Multi-stable structures are objects with more than one stable conformation, exemplified by the simple switch. Continuum versions are often elastic composite plates or shells, such as the common measuring tape or the slap bracelet, both of which exhibit two stable configurations: rolled and unrolled. Here, we consider the energy landscape of a general class of multi-stable anisotropic strips with spontaneous Gaussian curvature. We show that while strips with non-zero Gaussian curvature can be bistable, and strips with positive spontaneous curvature are always bistable, independent of the elastic moduli, strips of spontaneous negative curvature are bistable only in the presence of spontaneous twist and when certain conditions on the relative stiffness of the strip in tension and shear are satisfied. Furthermore, anisotropic strips can become tristable when their bending rigidity is small. Our study complements and extends the theory of multi-stability in anisotropic shells and suggests new design criteria for these structures.
The notion of elastic multi-stability has drawn considerable attention in the past few years owing to the potential for the design of smart structures. A multi-stable structure is an elastic object (typically a fibre-reinforced composite) that exhibits more than one equilibrium conformation and can thus be arranged in a variety of shapes without inducing permanent deformations and with no need of mechanical hinges. Everyday examples of these include snapping hair-clips, the slap-bracelet and various jumping toys. Unlike more conventional engineering structures, where large deformations must be accompanied by large forces, multi-stable objects can switch between shapes using a small actuation force. This latter feature has made multi-stable structures promising candidates for the realization of a new generation of adaptive devices, in which these ‘morphing’ capabilities, combined with limited actuation, allow for switchable, controllable conformational changes. Examples of this new generation of devices are shape-changing mirrors for adaptive focusing in optical systems or morphing aircraft structures that can continuously readjust their shape to optimize aerodynamic function (Abdulrahim et al. 2005; Mattioni et al. 2007).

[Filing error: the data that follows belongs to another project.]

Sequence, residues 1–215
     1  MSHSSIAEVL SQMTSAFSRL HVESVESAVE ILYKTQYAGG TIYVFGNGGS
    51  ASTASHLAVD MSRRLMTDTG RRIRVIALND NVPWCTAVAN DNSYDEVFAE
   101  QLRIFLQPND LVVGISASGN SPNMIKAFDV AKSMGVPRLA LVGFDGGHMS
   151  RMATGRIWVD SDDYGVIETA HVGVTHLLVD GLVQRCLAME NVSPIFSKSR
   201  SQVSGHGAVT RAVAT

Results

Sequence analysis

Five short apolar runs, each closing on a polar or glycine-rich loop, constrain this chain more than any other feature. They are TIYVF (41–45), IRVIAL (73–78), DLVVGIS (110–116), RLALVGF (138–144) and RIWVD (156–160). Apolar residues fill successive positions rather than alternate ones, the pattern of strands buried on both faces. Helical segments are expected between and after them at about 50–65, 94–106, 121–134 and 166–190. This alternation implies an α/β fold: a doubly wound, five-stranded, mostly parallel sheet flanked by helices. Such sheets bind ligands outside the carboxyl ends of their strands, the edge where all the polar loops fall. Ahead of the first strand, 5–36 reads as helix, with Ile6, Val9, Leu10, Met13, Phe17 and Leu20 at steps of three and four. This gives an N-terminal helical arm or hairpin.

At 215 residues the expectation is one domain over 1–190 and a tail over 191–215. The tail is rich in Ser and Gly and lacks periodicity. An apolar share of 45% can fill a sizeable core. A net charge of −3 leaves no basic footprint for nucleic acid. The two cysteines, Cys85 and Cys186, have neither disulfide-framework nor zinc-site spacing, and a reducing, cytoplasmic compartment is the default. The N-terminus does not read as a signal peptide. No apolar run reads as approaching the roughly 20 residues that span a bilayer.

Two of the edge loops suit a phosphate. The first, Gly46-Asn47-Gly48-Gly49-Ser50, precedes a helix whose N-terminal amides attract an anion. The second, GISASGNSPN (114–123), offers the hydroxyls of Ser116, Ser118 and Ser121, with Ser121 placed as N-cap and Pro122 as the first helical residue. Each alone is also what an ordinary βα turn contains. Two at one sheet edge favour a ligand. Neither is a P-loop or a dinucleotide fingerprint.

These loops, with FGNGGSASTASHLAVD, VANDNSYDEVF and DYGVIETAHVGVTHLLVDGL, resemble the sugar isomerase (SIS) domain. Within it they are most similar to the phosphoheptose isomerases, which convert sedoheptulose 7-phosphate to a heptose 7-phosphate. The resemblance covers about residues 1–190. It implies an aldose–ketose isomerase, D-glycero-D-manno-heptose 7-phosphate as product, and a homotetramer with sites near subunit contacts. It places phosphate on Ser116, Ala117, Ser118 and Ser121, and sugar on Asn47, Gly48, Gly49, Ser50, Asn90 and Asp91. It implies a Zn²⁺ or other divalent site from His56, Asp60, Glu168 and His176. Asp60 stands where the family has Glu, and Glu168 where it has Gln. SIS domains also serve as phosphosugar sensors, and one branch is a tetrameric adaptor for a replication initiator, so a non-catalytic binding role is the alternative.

The quest for a theoretical description of elastic multi-stability dates back to the 1920s when deployable devices, such as the measuring tape, first made their appearance. In this context, it is amusing to note that A. E. H. Love, the author of the classical treatise on elasticity (Love 1927), was once challenged to explain why the longitudinal curvature of a spring-steel measuring tape appears to match exactly its transverse curvature (Petroski 2004). He did not; indeed such an explanation was offered only decades later by Rimrott (1965) and reviewed and distilled into an elegant solution by Calladine (1988). Over the last decade, the work of Iqbal et al. (2000), Galletly & Guest (2004a,b) and Guest & Pellegrino (2006) simplified and clarified the elasticity of bistable objects, unravelling the interplay between anisotropy and spontaneous curvature in determining the shape of bistable plates. Guest & Pellegrino (2006) used a beam model of a strip of infinite length and finite width endowed with constant spontaneous curvature along the transverse direction. Assuming inextensibility, these authors showed that orthotropic strips exhibit a secondary equilibrium conformation in addition to the base configuration. The stability of such a secondary minimum of the elastic energy depends on the relative magnitude of the bending stiffness in the longitudinal and transverse directions as well as the twisting stiffness of the strip. Later, Seffen (2007) considered an extensible elliptical plate with free boundaries and non-zero, constant spontaneous principal curvatures and showed that even isotropic shells might be bistable. More recently, Vidoli & Maurini (2009) extended Seffen's uniform curvature model and showed that two-dimensional orthotropic plates with initial shallow double curvature are in fact tristable in some range of elastic moduli and spontaneous curvatures, while a one-parameter family of continuously variable neutrally stable shapes was reported by Seffen & Guest (2011) in the context of prestressed shells.